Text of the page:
I think that was kind of the inspiration behind this piece which my husband, who runs an art supply shop, commissioned me to make last March.  I was fortunate enough to be gifted this road-kill racoon and when I told him what I had on my hands, he practically begged for me to make something special for him out of the specimen.  How could I refuse, really?  This man supported me all through school and has never once complained about sharing his home and his wife with my little army of fantasy creatures.  Creating a custom piece for this bastion of open-mindedness and support is really the least I can do.

Then he told me he wanted the racoon to be making a getaway with a money bag and I inwardly groaned.

How corny!   For some reason, cartoon characters, specifically the silly ones from the Warner Brothers stables, have always made me squirm.  Even as a child I found them intolerable.  It's a disdain I can't quite put my finger on, seeing as I can be a very silly person.  I suppose if I were to dig deep and play armchair psychologist for myself I'd say there is a particular stupidity to it all that most people find humorous but I don't because I fear the stupidity in myself.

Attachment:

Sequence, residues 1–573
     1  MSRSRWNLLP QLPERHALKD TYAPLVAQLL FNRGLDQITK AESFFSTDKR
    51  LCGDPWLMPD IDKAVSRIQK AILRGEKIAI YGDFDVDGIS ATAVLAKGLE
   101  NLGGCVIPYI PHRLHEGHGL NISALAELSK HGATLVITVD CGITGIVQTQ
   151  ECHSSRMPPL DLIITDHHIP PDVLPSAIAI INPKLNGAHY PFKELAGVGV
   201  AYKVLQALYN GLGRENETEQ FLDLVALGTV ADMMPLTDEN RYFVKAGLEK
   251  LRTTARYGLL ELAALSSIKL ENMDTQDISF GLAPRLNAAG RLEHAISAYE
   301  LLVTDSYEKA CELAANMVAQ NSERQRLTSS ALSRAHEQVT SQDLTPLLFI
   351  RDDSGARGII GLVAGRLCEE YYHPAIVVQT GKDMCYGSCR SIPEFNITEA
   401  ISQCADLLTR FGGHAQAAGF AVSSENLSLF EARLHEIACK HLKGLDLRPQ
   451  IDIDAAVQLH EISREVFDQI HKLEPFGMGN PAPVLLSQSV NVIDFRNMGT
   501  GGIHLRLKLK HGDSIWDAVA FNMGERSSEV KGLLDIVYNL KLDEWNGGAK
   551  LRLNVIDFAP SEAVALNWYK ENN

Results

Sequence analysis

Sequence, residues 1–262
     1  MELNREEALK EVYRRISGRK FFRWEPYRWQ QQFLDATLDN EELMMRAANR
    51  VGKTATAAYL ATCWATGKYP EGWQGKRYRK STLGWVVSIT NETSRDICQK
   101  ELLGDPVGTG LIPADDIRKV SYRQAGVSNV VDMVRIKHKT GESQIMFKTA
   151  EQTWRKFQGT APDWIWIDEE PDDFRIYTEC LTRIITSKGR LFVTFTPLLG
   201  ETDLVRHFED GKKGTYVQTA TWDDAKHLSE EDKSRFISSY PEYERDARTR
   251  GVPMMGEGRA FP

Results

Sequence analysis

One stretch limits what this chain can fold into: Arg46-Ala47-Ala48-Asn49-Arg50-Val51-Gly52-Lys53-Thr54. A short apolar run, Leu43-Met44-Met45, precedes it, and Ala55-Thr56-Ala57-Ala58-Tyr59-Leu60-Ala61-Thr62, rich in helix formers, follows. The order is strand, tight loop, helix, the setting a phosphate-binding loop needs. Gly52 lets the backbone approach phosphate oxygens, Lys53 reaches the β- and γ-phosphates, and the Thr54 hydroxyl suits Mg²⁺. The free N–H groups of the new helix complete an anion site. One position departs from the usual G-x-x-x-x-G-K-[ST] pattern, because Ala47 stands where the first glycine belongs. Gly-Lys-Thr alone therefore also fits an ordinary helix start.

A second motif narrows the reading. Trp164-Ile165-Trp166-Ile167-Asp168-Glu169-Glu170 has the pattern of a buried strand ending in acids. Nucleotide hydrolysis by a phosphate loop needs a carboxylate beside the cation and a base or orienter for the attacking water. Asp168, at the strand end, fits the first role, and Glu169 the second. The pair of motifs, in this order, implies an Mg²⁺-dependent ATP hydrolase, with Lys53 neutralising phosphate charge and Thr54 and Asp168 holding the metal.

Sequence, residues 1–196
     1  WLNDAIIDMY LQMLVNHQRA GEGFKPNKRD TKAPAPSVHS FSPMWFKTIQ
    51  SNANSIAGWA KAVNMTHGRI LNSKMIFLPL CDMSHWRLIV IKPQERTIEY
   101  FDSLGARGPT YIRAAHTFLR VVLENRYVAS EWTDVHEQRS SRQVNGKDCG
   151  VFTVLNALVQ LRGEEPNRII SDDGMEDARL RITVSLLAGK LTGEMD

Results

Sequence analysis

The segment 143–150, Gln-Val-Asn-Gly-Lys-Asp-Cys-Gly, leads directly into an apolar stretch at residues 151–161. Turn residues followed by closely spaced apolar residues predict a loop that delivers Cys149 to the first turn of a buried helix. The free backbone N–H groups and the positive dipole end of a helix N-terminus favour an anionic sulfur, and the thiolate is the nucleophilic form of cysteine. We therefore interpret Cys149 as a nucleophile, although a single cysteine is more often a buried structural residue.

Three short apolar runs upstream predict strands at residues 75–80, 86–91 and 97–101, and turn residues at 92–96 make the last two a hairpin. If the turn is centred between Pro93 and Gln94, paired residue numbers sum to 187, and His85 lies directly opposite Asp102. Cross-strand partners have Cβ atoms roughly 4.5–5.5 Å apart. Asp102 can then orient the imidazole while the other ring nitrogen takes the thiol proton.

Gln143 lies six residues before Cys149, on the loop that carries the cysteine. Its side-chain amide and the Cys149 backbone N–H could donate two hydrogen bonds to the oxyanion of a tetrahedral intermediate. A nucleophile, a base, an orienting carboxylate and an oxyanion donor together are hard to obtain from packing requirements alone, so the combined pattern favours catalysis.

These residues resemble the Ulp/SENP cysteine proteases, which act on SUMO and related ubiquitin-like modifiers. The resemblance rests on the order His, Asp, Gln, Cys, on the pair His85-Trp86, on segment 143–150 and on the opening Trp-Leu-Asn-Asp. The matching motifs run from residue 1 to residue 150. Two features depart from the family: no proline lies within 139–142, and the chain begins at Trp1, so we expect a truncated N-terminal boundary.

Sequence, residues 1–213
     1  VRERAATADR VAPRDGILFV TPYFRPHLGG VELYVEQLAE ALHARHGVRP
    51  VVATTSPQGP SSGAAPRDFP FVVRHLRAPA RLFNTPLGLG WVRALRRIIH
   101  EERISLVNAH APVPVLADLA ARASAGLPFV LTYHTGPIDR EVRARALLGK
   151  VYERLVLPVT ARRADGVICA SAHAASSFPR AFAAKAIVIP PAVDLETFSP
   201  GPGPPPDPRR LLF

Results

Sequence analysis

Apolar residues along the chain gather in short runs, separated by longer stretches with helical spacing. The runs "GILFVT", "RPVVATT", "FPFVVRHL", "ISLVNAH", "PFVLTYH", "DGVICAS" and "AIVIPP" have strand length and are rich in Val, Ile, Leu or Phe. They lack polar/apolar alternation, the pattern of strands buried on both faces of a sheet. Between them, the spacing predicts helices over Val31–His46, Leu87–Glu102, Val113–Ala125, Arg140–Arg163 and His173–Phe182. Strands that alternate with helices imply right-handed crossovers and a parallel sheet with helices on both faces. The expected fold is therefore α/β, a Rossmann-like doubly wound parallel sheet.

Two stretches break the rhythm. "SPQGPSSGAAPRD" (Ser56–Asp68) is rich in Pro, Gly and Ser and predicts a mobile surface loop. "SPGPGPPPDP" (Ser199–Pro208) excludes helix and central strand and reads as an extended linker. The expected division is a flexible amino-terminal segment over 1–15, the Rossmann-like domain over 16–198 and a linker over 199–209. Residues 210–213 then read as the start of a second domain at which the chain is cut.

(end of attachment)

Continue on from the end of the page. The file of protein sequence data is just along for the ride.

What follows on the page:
I put my own opinion aside, however, and as I worked on Mr. Racoon I began to warm up to the idea of him being a thief.   The theme of raccoons as bandits is popular lore in many cultures and I found this interesting account of some Japanese Racoon dogs in the movie Pom Poko, which portrays them as mischievous little scamps.

He's hanging by one paw to the wall, and I gave him a hint of a smile with slightly upturned lips.  I sewed a bag from off-white canvas and made a $ stencil to paint the iconic symbol on said sack.  It was then filled with bottle caps, sewn shut and attached to Racoon's other front paw.



Here's a more pensive looking shot:


This was my first independent mount after finishing school and I can see how I might have done things differently had I been approached with this project today.  Overall though, I'm pleased, and so was my husband when he received his Christmas Racoon!

Your Reputation Preceeds You...

I think I'm on the verge of being known as "the woman who wears chickens on her head", which couldn't delight me more.  I certainly seem to be going through a hen-phase, as far as what inspires me.  Or perhaps its the availability of chickens as specimen?  It's hard to tell.  I very much enjoy working with them; the plumage is unique and beautiful, plus the skin resilient and quite easy to manipulate.